“The building’s access to downtown transit, colleges and amenities is really appealing,” he says. “With so few apartment buildings on the market in that area, it’s an opportunity for investors to take on a property that promises to perform well in the long run.”

Others in Southwestern Ontario and elsewhere in Canada are starting to follow Setman Properties’ lead in looking at converting struggling office buildings into student housing or apartment units.

But there’s a lot for investors to consider before diving into a conversion project.

“You have to take into account the cost of the building itself, the cost of converting and the rents you could achieve,” says Craig. “And with any retrofit, you’re bound to find surprises along the way.”

In the case of 30 Duke Street West, the mechanical systems needed to be reworked to comply with residential building requirements, and remaining office tenants had to be moved to accommodate the renovations.

Obtaining the building permits for that project was also a challenge since the project was the first of its kind at the time.

“Conversions are a lot of work,” Craig says, “but they can be a good way to take a well-located property from obsolete to performant.”

James Craig quote - Conversions are a lot of work but they can take an office property from obsolete to performant.

Calgary Conversions

Office-to-residential conversions are all the rage a few provinces over in Calgary.

Three years ago the City of Calgary introduced the Downtown Development Incentive Programs to support the conversion of underused office space and the demolition of end-of-life office buildings. The program came in response to owners and developers asking for funding to provide additional housing.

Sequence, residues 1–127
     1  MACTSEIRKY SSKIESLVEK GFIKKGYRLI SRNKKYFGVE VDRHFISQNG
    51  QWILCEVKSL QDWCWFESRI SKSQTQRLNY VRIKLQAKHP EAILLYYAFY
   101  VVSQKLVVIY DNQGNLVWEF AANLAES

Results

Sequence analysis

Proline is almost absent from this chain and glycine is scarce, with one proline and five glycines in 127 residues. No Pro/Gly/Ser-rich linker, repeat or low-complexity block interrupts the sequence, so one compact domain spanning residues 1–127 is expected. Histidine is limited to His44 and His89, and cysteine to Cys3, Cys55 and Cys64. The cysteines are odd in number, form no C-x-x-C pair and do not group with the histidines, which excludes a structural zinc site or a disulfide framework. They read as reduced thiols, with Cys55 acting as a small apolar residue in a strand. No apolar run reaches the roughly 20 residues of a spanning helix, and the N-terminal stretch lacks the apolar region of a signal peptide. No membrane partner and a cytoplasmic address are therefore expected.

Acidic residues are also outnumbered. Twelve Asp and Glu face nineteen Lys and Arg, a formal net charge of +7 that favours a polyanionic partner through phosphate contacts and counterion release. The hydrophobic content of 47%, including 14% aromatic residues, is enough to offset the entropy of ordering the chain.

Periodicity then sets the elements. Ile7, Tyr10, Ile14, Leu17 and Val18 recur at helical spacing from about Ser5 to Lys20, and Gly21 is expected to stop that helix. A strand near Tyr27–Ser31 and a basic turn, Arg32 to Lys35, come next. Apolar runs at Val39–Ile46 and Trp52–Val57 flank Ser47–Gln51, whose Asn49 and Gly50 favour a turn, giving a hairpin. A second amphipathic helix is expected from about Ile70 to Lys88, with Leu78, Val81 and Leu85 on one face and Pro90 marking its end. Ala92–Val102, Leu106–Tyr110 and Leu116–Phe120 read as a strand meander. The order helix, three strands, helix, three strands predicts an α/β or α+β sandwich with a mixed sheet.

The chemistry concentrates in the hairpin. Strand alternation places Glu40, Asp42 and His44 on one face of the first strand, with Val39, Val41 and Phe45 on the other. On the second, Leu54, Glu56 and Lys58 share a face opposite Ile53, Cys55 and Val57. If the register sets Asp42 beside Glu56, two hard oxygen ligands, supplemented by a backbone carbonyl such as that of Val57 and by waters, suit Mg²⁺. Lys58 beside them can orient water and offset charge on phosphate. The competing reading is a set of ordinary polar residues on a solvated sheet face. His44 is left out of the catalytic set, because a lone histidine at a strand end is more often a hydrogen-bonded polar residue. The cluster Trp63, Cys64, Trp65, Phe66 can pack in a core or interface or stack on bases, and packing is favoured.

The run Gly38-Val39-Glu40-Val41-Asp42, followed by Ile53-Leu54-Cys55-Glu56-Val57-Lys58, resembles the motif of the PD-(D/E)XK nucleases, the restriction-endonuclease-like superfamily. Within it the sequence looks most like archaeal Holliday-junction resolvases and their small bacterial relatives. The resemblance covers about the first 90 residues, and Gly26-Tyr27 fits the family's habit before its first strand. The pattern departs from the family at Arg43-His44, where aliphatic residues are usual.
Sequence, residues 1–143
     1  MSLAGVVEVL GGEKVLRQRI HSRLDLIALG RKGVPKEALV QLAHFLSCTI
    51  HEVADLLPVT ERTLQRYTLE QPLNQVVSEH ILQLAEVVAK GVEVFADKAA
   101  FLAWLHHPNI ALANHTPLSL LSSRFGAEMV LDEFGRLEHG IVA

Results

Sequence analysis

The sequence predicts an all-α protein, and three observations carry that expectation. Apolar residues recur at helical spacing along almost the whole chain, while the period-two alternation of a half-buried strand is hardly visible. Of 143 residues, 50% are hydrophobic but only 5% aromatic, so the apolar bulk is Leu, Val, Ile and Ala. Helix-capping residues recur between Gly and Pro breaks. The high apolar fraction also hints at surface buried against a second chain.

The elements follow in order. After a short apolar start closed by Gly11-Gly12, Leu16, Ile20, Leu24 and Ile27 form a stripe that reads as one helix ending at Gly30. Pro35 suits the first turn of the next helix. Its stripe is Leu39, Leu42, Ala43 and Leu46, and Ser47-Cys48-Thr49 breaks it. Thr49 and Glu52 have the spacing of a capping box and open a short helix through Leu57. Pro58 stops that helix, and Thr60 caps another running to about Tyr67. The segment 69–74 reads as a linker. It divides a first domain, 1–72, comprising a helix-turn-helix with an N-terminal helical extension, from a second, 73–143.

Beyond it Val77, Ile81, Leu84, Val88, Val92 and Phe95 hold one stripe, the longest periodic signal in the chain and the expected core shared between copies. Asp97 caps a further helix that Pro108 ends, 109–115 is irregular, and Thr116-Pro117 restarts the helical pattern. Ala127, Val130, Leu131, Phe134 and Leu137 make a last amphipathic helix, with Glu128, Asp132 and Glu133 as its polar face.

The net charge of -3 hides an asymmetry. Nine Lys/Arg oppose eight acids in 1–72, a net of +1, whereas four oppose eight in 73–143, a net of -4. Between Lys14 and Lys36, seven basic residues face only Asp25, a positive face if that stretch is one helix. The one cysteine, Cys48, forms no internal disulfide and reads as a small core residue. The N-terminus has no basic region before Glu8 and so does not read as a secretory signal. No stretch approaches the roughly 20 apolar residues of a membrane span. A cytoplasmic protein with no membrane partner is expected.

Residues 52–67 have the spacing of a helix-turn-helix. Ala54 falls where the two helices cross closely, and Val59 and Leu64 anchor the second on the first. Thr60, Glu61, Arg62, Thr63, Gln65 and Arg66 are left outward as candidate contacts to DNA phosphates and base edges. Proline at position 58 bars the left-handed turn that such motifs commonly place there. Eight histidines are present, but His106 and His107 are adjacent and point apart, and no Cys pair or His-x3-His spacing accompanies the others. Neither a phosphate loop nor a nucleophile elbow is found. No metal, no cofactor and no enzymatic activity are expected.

These city-sponsored financial initiatives were introduced as part of the City of Calgary’s target to replace six million square feet of downtown office space by 2031. So far 13 projects have been approved.

“The current office market’s economic structure is not sustainable,” says Greg Kwong, CBRE’s Alberta Regional Managing Director. “Older office buildings are struggling to generate acceptable returns.”

But Kwong doesn’t see conversions as the only solution to dealing with outdated office buildings.

“Office conversions will help stabilize vacancy, but it’s important to look at all avenues to reduce our vacancy,” he says. “That involves diversification of the tenant base in the core and providing incentives for international companies to move here. Some buildings will need to be demolished while others will be kept as offices as companies solidify their workplace strategies.”

“Whatever course we take in dealing with Calgary’s older office buildings,” Kwong adds, “the next few years will be critical to revitalizing our downtown and creating a city that’s ready to face the future.”

And while many look to the biggest cities for what comes next, smaller urban centres like Kitchener are also able to innovate.

“Don’t underestimate the savvy and skill of private capital in secondary markets. Our owners see opportunities and have the tenacity to achieve them. It’s exciting that Kitchener can be a leader in office conversions when we already do so many other things well,” says Craig.